ProPublica takes a look at the history and use of flashbang grenades by police which have maimed, seriously injured or killed 50 Americans since 2000.
Top of the Alty World
"Hotter Than Lava: Every day, cops toss dangerous military-style grenades during raids, with little oversight and horrifying results."—ProPublica
Advocates worry that a plan to "brand" certain neighborhoods in Detroit will further divide and isolate marginalized communities.—Metro Times
With the new year a host of new green regulations have gone into effect meaning increased fracking reporting, more spacious chicken cages and other reforms.—High Country News
President Barack Obama is expected to propose new data security initiatives to protect hack victims and to keep companies from exploiting the data they collect on students.—EnGadget
Top of Alty Utah
A petition is advancing to reduce speed limits along the Wasatch Front for the sake of air quality.—Utah Political Capitol
Salt Lake City has been named as one of the "queerest" cities in America.—Q Salt Lake
Salt Lake Tribune cartoonist Pat Bagley talks about Utah, Paris, and free expression.—Salt Lake City Weekly
Salt Lake City's Community Writing Center teaches people how to turn their political rants into persuasive arguments for change.—Salt Lake City Weekly
Bob Aagard double checks the numbers presented by Parents for Choice in Education who at a recent conference said that teachers in the Nebo School District get 120 days of paid vacation a year.
In the state of Utah, we require students to be enrolled in school 180 days a year. 261 working days minus the 180 school days leaves us with 81 days. Which means that for teachers to have “120 paid vacation days” a year, they would have to miss 39 days of school a year, or roughly one classroom day a week. It’s been a while since I was in school, but I doubt kids have a substitute once a week.—Utah Politico Hub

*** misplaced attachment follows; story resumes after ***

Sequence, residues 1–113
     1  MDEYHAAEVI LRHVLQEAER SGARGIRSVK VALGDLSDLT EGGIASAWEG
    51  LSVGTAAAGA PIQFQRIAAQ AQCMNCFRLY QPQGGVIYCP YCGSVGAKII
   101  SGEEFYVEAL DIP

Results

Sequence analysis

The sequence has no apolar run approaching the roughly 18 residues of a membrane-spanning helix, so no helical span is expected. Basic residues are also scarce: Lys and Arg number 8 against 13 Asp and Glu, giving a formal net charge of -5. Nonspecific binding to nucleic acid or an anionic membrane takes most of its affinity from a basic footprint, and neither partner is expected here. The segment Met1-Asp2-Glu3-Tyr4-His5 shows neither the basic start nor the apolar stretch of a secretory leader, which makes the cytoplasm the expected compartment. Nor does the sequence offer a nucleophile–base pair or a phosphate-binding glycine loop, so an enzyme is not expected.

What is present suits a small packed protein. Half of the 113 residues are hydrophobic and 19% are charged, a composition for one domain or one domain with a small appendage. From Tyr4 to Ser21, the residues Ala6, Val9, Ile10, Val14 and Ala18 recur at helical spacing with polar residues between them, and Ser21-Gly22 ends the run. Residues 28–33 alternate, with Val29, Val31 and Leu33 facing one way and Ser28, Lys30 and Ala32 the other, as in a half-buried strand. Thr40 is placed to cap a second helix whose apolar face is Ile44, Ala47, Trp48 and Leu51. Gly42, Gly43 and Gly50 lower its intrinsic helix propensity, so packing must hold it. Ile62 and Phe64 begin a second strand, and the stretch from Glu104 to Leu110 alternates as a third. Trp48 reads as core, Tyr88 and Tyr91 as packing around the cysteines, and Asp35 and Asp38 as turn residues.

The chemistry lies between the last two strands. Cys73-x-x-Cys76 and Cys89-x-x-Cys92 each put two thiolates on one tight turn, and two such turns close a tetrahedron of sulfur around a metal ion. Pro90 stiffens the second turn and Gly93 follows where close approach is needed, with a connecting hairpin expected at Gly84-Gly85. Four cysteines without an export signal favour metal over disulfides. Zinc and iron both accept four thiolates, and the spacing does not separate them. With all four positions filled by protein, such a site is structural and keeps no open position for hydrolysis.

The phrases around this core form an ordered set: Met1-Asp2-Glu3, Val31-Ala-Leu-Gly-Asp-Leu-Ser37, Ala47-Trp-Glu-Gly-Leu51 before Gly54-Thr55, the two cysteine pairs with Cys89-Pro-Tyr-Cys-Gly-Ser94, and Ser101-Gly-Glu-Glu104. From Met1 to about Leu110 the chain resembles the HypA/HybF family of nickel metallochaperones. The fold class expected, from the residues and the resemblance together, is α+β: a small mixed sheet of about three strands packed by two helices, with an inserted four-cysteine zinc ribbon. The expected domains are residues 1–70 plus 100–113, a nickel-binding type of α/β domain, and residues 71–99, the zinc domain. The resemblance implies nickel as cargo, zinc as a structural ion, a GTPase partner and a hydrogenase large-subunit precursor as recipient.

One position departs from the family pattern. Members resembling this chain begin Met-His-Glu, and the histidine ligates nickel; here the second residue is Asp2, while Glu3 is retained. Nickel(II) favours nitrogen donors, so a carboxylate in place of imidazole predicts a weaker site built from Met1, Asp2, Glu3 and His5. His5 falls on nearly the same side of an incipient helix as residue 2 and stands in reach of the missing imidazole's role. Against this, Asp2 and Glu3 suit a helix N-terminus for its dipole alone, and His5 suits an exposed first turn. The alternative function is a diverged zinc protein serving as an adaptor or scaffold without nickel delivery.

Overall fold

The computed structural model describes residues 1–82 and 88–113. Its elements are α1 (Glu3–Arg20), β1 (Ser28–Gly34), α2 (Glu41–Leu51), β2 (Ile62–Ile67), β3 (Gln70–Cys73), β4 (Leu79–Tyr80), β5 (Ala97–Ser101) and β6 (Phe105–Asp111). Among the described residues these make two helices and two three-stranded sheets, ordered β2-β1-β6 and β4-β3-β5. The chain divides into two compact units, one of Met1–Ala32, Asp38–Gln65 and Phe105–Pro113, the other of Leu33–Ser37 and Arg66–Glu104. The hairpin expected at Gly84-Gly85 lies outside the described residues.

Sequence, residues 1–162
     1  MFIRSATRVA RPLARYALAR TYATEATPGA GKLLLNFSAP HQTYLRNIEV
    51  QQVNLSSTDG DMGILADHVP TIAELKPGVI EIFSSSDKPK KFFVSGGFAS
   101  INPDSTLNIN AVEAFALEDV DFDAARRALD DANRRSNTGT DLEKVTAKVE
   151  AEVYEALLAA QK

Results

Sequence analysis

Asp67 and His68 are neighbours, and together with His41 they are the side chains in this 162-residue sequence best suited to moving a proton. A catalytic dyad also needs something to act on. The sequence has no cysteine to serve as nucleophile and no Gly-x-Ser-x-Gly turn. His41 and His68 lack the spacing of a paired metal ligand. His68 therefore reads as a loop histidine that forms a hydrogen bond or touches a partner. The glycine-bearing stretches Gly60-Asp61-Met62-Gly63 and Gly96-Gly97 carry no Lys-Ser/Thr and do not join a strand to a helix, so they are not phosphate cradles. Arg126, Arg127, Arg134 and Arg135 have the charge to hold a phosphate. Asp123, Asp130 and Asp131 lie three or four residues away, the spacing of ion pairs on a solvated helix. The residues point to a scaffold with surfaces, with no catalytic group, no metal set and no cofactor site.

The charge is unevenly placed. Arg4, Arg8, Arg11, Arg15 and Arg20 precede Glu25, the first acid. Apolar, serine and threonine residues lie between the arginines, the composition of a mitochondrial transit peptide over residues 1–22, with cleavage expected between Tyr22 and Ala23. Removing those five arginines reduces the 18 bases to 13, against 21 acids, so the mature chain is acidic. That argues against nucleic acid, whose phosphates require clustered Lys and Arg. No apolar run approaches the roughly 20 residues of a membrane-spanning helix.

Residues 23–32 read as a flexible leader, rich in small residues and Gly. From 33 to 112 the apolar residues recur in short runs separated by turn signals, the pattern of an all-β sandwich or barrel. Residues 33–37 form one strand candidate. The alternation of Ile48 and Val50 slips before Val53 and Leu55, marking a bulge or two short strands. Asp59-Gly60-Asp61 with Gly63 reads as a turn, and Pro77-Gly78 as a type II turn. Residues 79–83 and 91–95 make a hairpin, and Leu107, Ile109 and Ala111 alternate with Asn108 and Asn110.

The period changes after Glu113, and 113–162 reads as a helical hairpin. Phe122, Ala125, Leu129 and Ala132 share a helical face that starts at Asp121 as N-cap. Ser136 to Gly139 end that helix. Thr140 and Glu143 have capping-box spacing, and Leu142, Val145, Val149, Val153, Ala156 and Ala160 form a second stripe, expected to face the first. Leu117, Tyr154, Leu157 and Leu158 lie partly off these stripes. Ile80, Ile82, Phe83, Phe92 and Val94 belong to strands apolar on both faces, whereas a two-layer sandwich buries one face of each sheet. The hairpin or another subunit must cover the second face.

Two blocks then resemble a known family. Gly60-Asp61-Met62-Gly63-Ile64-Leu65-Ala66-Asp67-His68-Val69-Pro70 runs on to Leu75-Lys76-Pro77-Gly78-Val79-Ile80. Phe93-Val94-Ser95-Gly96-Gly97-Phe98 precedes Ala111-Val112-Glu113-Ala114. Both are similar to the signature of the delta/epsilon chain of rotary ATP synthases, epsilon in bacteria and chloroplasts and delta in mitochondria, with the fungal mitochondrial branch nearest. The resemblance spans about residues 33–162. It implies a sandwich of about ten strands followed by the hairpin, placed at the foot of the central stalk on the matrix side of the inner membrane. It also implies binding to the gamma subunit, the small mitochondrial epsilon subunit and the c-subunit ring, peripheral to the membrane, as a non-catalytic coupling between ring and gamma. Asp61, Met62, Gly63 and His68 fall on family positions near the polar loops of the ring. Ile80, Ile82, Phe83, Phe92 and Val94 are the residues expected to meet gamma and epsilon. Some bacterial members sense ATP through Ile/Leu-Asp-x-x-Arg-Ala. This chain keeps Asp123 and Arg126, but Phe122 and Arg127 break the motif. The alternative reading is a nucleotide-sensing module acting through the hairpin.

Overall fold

The Long View
City Weekly looks at the perilous climb in domestic-violence fatalities concurring with dwindling state funds for treatment and prevention.
But domestic violence is a quiet plague in Utah. Between 2009 and 2011, more people were killed in domestic-violence-related issues than other types of homicides. According to 2010 figures from the Centers for Disease Control & Prevention, one in three Utah women will face rape, physical violence and/or stalking by an intimate partner in their lifetime, and once every 33 days, on average, there is one death related to intimate-partner violence.
These deaths are often the culmination of long-time violence that, in many cases, goes unreported.
When it is reported, victims face a fractured, overburdened system made up of law enforcement, shelters, justice courts and treatment providers. And advocates say that anyone who looks at this system will see that change is sorely needed.
Police officers need more training, and shelters are always full; last year they served as many people, approximately 3,000, as they turned away. The courts struggle to hold perpetrators accountable—a process partially undermined, some say, by the ineffectiveness of offender treatment, which neither is standardized nor has much oversight.—Salt Lake City Weekly